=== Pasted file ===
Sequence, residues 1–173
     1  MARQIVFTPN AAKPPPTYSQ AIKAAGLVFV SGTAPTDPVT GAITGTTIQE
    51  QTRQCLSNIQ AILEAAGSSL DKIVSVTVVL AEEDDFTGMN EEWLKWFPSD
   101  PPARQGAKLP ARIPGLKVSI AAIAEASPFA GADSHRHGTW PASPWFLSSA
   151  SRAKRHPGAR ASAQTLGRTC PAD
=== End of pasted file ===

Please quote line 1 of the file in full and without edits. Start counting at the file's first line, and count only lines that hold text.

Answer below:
Sequence, residues 1–173